Introducing interprofessional education
Link to publisher version (URL)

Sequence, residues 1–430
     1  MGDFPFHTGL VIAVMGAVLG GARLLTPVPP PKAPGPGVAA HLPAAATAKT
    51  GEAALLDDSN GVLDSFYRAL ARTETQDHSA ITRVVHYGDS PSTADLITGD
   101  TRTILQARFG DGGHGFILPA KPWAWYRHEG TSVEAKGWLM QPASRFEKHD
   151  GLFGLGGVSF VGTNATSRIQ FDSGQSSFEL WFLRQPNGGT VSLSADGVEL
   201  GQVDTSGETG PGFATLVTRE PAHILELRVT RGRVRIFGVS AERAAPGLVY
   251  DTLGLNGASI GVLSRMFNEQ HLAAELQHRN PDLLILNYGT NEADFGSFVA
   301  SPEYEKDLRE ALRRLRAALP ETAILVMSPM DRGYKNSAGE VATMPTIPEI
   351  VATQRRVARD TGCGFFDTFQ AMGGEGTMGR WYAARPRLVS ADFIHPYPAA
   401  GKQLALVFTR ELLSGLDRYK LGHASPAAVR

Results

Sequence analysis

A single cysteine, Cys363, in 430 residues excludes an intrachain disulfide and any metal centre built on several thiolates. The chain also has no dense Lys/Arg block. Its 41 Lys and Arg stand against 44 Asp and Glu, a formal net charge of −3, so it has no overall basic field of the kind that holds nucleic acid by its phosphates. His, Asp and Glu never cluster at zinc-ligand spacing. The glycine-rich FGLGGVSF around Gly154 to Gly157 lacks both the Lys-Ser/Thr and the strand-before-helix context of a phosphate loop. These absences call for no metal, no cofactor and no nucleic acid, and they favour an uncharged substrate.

Health professionals everywhere are working with a more damaged, more dependent and more demanding clientele than in the past: in wealthier countries resulting most obviously from the number of older people living longer with chronic, complex and multiple problems; in poorer countries from the number of families at the mercy of infant mortality, malnutrition, the killer childhood diseases and the HIV pandemic (WHO, 2009). Professionals under pressure to respond to these situations have three choices: to set aside those problems for which they have neither authorisation nor training; to go beyond their roles at risk of stress and overload for themselves and less than adequate care for their patients; or to work more closely with other professions to spread the load and respond more fully to the range of needs (Barr & Gray, forthcoming). The third option may seem self-evident, but as the interprofessional literature confirms (Meads, Ashcroft, Barr, Scott, & Wild, 2005), it is easier said than done. How then can professional education best prepare the entry-level practitioner?